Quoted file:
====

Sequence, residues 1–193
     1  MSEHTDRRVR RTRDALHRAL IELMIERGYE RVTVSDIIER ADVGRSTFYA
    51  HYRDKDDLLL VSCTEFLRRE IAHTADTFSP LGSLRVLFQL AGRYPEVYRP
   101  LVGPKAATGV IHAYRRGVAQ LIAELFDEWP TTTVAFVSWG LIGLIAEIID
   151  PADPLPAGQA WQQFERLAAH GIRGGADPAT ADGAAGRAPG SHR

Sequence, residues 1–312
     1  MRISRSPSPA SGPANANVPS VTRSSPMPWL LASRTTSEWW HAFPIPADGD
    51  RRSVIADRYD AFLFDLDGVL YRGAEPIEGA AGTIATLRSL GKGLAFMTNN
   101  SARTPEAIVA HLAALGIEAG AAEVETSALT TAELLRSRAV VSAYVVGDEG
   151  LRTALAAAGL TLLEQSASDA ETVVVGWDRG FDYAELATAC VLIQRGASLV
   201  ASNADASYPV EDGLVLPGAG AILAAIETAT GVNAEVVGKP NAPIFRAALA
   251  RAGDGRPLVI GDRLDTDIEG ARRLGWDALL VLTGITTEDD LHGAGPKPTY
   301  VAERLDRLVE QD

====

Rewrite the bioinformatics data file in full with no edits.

Sequence, residues 1–193
     1  MSEHTDRRVR RTRDALHRAL IELMIERGYE RVTVSDIIER ADVGRSTFYA
    51  HYRDKDDLLL VSCTEFLRRE IAHTADTFSP LGSLRVLFQL AGRYPEVYRP
   101  LVGPKAATGV IHAYRRGVAQ LIAELFDEWP TTTVAFVSWG LIGLIAEIID
   151  PADPLPAGQA WQQFERLAAH GIRGGADPAT ADGAAGRAPG SHR

Sequence, residues 1–312
     1  MRISRSPSPA SGPANANVPS VTRSSPMPWL LASRTTSEWW HAFPIPADGD
    51  RRSVIADRYD AFLFDLDGVL YRGAEPIEGA AGTIATLRSL GKGLAFMTNN
   101  SARTPEAIVA HLAALGIEAG AAEVETSALT TAELLRSRAV VSAYVVGDEG
   151  LRTALAAAGL TLLEQSASDA ETVVVGWDRG FDYAELATAC VLIQRGASLV
   201  ASNADASYPV EDGLVLPGAG AILAAIETAT GVNAEVVGKP NAPIFRAALA
   251  RAGDGRPLVI GDRLDTDIEG ARRLGWDALL VLTGITTEDD LHGAGPKPTY
   301  VAERLDRLVE QD